YouTube trials video ID tech

Detects copyrighted material uploaded to the site

Online video emporium YouTube is to test a new video identification technology in cahoots with TimeWarner and Disney. It hopes the new technology will absolve it of future lawsuits, since it is designed to recognise copyrighted content that has been uploaded without permission.

The clever technology recognises so-called 'video fingerprints' - unique attributes in each clip. The offending material could then be studied and removed completely, or left on the site. The move was revealed in an interview between YouTube strategy executives and news agency Reuters .

If studios decide to leave their material on the site it could benefit them through advertising revenue-share deals.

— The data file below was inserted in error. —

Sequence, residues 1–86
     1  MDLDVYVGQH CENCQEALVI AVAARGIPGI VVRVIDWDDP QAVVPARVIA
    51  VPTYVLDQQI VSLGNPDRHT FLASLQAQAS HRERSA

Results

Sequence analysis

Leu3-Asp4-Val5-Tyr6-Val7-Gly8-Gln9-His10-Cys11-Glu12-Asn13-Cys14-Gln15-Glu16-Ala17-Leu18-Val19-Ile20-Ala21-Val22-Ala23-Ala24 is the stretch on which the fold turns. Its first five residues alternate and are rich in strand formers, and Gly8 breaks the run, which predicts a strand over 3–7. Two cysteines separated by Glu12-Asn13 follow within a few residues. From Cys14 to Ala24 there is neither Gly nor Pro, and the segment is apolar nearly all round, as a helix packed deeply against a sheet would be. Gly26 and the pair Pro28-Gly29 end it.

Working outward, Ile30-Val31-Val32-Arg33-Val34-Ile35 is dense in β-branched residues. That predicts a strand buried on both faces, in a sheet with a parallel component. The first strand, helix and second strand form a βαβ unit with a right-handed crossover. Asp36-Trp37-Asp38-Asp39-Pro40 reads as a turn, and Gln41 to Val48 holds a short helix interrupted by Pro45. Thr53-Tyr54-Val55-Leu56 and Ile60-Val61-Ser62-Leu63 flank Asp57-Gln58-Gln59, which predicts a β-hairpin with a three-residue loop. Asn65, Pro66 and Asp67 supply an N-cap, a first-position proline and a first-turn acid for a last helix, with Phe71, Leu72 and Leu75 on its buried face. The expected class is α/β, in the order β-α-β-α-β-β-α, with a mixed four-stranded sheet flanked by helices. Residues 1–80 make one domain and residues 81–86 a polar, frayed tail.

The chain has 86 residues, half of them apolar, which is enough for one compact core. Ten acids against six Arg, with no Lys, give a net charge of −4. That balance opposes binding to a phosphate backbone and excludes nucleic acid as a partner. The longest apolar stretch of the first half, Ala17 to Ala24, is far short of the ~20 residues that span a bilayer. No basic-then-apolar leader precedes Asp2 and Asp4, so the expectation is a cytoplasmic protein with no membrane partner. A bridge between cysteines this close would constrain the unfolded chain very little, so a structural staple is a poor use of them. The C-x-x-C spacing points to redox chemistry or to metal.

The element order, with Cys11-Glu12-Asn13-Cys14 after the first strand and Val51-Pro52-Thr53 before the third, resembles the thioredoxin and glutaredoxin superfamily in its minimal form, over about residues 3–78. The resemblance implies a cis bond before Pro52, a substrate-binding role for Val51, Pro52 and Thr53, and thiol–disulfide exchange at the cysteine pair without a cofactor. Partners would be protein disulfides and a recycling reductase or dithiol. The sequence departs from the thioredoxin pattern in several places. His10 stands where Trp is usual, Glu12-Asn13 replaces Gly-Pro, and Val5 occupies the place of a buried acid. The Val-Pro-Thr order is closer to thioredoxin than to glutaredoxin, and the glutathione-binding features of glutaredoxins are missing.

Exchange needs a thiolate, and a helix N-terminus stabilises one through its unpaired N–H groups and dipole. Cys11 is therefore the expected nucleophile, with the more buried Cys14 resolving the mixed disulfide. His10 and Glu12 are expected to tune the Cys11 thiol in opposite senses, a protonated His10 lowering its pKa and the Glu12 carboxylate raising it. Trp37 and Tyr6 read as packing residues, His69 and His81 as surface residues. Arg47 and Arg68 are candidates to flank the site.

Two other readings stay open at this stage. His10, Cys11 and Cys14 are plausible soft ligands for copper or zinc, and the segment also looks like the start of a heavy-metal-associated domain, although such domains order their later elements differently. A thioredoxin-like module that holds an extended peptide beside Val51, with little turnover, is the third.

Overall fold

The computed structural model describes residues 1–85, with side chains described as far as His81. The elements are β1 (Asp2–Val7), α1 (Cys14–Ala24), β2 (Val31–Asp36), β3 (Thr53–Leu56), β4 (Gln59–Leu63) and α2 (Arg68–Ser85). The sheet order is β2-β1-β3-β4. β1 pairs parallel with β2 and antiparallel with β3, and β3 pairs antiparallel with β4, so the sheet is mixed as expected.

Chris Maxcy, YouTube's partner development director, also added that Google has been trialling an audio version of the technology alongside record labels.



Dan (Twitter, Google+) is TechRadar's Former Deputy Editor and is now in charge at our sister site Lifehacker UK. Covering all things computing, internet and mobile he's a seasoned regular at major tech shows such as CES, IFA and Mobile World Congress. Dan has also been a tech expert for many outlets including BBC Radio 4, 5Live and the World Service, The Sun and ITV News.